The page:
Department of Chemistry, Trent University, Peterborough, Ontario, Canada K9J 7B8

A.N.Frumkin Institute of Electrochemistry, Russian Academy of Sciences, 117071 Moscow, Russia

Department of Mechanics, Royal Institute of Technology, 100 44 Stockholm, Sweden

Polarization curves are analyzed for parallel electrochemical reactions of two different types with no supporting electrolyte in the solution. Consideration of the problem is based on an analytic solution, in parametric form, of the Nernst - Planck equations for electrodiffusion with boundary conditions of the Butler - Volmer type. It is found that the current - voltage curves for such systems clearly display the interaction of ionic components due to the migration- current exaltation phenomena.

Problem statement

1) One-dimensional transport:

- spherical micro-electrodes;

- membranes.

2) Nernst-Plank equation for each ion species:

- activity coefficients are unity.

- thickness of diffusion layer is much greater than Debye length.

- can be solved together with the system of Nernst-Plank equations for simple electrode reaction such as Az+ (aq) + z e- ÷ ö A(s).

- For more complicated parallel reactions only the limiting current as

*V6 7*
could be found. The Butler-Volmer equations reduce to
*C*ks =0.

5) Boundary conditions:

*C*k(*L*)=*C*kb, f(*L*)=0

(+) Arbitrary values of diffusion coefficients;

(+) Multi-charged ions;

(+) Possible homogeneous reactions in transport layer;

but

(-) the system is at steady-state;

(-) no convection;

(-) no temperature effects

(-) one electrode problem

"To solve problem" - means to find a solution to the system of differential equations and boundary conditions in a closed analytical form.

Concentration bulk concentration

Potential *RT/F*~25 mV

Current density *L / FD*kCb
diffusion limiting current density

Dimensionless Nernst-Plank equation:

Single electrochemical reaction:

W. Nernst, Z. Phys. Chem. -1904, B.17, S.52

A+ + e- ÷ ö A9 .

Limiting diffusion-migration current:

*j*lim = 2

Binary zA-zB electrolyte:

*j*lim = 1+zA/zB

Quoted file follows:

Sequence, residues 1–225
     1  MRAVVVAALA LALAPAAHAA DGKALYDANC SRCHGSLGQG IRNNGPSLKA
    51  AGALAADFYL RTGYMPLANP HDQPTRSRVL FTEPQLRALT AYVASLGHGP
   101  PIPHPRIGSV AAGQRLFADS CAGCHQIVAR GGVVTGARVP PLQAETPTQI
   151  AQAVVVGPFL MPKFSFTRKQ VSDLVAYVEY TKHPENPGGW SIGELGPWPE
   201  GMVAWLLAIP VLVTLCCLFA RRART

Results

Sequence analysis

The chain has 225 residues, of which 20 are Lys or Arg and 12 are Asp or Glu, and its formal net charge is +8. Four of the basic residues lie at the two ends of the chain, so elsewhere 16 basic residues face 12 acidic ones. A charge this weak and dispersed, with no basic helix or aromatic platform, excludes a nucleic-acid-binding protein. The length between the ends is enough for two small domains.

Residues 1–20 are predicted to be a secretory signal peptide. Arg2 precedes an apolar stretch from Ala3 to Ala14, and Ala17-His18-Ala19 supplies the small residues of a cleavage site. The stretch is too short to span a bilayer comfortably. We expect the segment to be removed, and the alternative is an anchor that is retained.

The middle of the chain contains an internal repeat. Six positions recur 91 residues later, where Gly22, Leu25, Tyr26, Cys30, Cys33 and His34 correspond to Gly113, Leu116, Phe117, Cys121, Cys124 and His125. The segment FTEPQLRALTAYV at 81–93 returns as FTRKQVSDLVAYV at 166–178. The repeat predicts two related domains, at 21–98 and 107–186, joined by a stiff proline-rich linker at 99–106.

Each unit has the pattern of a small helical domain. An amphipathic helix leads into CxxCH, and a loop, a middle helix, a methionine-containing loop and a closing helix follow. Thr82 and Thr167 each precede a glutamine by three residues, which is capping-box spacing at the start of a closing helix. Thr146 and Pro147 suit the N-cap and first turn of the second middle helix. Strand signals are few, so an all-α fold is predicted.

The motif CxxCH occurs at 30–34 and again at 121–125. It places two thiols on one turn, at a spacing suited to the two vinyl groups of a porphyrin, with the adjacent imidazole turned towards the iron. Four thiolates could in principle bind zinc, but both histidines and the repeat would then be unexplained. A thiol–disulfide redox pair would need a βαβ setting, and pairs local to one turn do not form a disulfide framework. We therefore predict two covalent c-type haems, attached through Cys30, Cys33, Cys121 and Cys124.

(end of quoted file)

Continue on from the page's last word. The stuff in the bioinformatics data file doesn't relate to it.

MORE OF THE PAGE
A. Euken, Z. Phys. Chem. -1907, B.59, S.72

Limiting diffusion-migration current:

*j*lim =

*j*lim 6
2 at 6 1 (binary
electrolyte)

*j*lim 6
1 at 6 0 (large excess of
supporting electrolyte)

zA-zB electrolyte with zF-zB buffer:

L.Hsieh and J. Newman -Ind. Eng. Chem. Fund 1971, V.10, P.615.

Yu.Gurevich and Ju. Kharkats -. Sov. Electrochemistry 1979, V.15, P.94.

R. Schl` gl, Z. Phys. Chem.(Frankfurt) -1954, B.1, S.305

For simplicity: *
*z*k* =1

*j*1 is the current of the reaction in
question: A+(aq) + e- ÷
ö A(s)

*j*0 is the current of the
parallel reaction, for example:

O2(aq) + 2H2O + 4e- 6
4OH-(aq)
*or*

O2(aq) + 2H2O + 2e- 6 H2O2(aq) + 4OH-(aq)

Transport of O2 occurs by ordinary diffusion,
therefore *j*0 does not
depend on *j*1, but the
opposite it not true due to a migration interaction of
A+ with OH-.

Voltamperometric curve for a=1/2:

Limiting diffusion-migration current in conventional variables:

*i*lim = *i*0 + 2
*i*1dif +
(D1/DOH)
*i*0

For a…OQ 1/2:

where *h*
= *V* - *F*s is the
reaction overvoltage. The last two formulas give voltamperometric
curve *j*1(*V*) in
the parametric form {*j*1(*h*)*,V(**h*)}.

A1+(aq)+ e- ÷ ö A1(s).

A2+(aq)+ e- ÷ ö A2(s)

The system of equations include three Nernst-Plank equations for A1+, A2+ and B-, as well as two Butler-Volmer equations for A1+ and A2+. This problem could be reduced to one transcendental equation.

compare with
*Isaak Rubinstein "Electro-Diffusion of Ions" - SIAM
1990*

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no transport-limited current?

There are some systems with
three parallel electrode reactions for which the condition of
zero concentrations of all reagents *C*ks=0 and fast (compared to the transport) electrode kinetics
are not sufficient to give a value of the current. In such
situations the current depends on the relationships between the
equilibrium potentials for all values of the applied potential.
The whole concept of transport-limited current should be
re-defined for such systems.

A+(aq)+ e- ÷ ö A(s).

O2 + 2H2O + 4e- 6 4OH-

OH- + H+ 6 H2O

Diffusive double-layer split into two parts:

One remains near the electrode and is responsible for the reaction kinetics - the "normal" double layer. The other, much stronger, layer moves into the region where the homogeneous reaction of water recombination takes place. It is called the "reaction double layer" and is responsible for transport limitation of the entire system.